A First Taste of Idaho Wine

Wine from Idaho? Why not? Idaho’s climate and geology share many things in common with Eastern Washington State, a place that is making some pretty exciting red wines these days. Idaho’s first grapes were planted in 1864, and several wineries grew to prominence in the late 1800’s and early 1900s. Like in many places, Prohibition took its toll and wiped out the state’s fledgling wine industry. Idaho wasn’t planted with grapes again until 1970, but since then more than 50 wineries have sprung up around the state, and more than 1300 acres are under cultivation.

When a case of Idaho wines showed up on my doorstep a few weeks ago, I was quite interested to get a sense of what the state is up to, and what Idaho wine really tastes like.

So….how to put this? After tasting through the dozen wines that they sent me, I’m still not sure I know what Idaho wine tastes like. Mostly because the dominant flavor in all but two or three of the bottles I tried wasn’t fruit, or terroir, it was wood. Specifically, a shit-ton of new, most likely expensive, French oak.

And that, my friends, is a bit if a shame.

Like in many young wine regions (both here in the United States as well as around the world), the Idaho vintners whose wines I tasted seem to believe that the way you make a good wine is to buy lots of expensive barrels each year and make sure the wine spends lots of time in them.

Of course, when you’re just beginning a winery — as in your very first vintage — chances are you’re probably starting with a lot of new barrels, and that might play into the dominance of oak in some of these wines. But after 2 or 3 years you don’t have your newness as an excuse.

Not that there aren’t a bunch of wines in California or Oregon or Washington that suffer from the same general malaise, but certainly not to the same extent as these wines I tasted from Idaho.

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It’s hard to offer such criticism and to suggest I’ve seen this point in a region’s evolution before without sounding patronizing, not to mention overly negative. But I have seen this early obsession with and lack of subtlety for wood in both individual wineries in their beginnings, as well as in entire wine regions just beginning to play on a world stage.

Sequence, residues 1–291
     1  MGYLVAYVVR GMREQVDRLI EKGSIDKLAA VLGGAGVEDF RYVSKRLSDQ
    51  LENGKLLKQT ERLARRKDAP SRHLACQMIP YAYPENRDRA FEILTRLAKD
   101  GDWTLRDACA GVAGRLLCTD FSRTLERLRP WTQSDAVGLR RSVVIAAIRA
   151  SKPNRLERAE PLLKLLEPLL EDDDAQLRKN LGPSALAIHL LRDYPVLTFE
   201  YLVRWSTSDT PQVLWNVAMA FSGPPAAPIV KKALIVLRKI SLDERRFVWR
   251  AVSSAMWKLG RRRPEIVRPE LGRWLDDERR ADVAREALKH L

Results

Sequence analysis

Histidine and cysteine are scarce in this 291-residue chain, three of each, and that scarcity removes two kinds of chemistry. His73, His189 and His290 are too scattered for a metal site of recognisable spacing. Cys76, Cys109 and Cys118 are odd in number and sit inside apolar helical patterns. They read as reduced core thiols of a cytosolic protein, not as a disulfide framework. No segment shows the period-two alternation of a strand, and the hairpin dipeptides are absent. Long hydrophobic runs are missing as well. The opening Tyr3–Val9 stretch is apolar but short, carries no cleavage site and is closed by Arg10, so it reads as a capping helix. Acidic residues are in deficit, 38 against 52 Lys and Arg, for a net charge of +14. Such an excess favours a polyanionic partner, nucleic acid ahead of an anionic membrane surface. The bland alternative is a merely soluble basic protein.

Privately, I wonder if part of the explanation for this tendency has to do with the fact that many of the people who begin planting, farming, and making wine in newer regions don’t have a long experience in the wine industry, and therefore don’t entirely know what they’re doing when it comes to winemaking. They also don’t likely have the benefit of a long-standing community of fellow vintners, who not only might offer support and guidance to those newer at the game, but also provide wider examples of wines under different oak treatments (or, heaven forbid, with none at all).

Oak influence in a wine’s flavor profile isn’t merely a factor of how new the barrels (or oak chips and staves) are. Decisions about the toast levels of the wood; whether the wine ferments in wood versus just ages in it; the acidity, pH and other chemistry of the wine; and how long the wine spends in contact with wood all affect the degree to which a wine will carry an oaky signature.

If I was just starting a winery somewhere (which I’ve never done, and probably won’t ever do, so therefore can’t judge harshly) I’d really want to know first and foremost how my grapes, and the land they were grown on actually tasted. And that, at least to my mind, would mean dramatically reducing, or even eliminating oak influence in the wine to begin with.